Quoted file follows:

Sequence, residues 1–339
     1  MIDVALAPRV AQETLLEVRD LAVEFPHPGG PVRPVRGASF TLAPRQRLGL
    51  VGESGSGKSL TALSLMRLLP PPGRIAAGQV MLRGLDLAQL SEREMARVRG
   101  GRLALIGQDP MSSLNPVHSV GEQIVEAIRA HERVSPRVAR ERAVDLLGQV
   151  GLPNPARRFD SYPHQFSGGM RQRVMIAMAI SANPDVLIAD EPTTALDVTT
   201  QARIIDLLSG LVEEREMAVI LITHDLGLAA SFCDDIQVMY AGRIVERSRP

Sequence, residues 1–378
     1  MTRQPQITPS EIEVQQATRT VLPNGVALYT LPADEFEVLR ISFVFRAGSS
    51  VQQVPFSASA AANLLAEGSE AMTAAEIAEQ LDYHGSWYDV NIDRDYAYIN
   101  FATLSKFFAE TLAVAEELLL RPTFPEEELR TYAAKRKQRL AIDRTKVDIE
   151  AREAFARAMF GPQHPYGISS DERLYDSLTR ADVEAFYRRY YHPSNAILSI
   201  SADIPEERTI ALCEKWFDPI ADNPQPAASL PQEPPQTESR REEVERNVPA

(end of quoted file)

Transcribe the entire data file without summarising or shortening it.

Sequence, residues 1–339
     1  MIDVALAPRV AQETLLEVRD LAVEFPHPGG PVRPVRGASF TLAPRQRLGL
    51  VGESGSGKSL TALSLMRLLP PPGRIAAGQV MLRGLDLAQL SEREMARVRG
   101  GRLALIGQDP MSSLNPVHSV GEQIVEAIRA HERVSPRVAR ERAVDLLGQV
   151  GLPNPARRFD SYPHQFSGGM RQRVMIAMAI SANPDVLIAD EPTTALDVTT
   201  QARIIDLLSG LVEEREMAVI LITHDLGLAA SFCDDIQVMY AGRIVERSRP

Sequence, residues 1–378
     1  MTRQPQITPS EIEVQQATRT VLPNGVALYT LPADEFEVLR ISFVFRAGSS
    51  VQQVPFSASA AANLLAEGSE AMTAAEIAEQ LDYHGSWYDV NIDRDYAYIN
   101  FATLSKFFAE TLAVAEELLL RPTFPEEELR TYAAKRKQRL AIDRTKVDIE
   151  AREAFARAMF GPQHPYGISS DERLYDSLTR ADVEAFYRRY YHPSNAILSI
   201  SADIPEERTI ALCEKWFDPI ADNPQPAASL PQEPPQTESR REEVERNVPA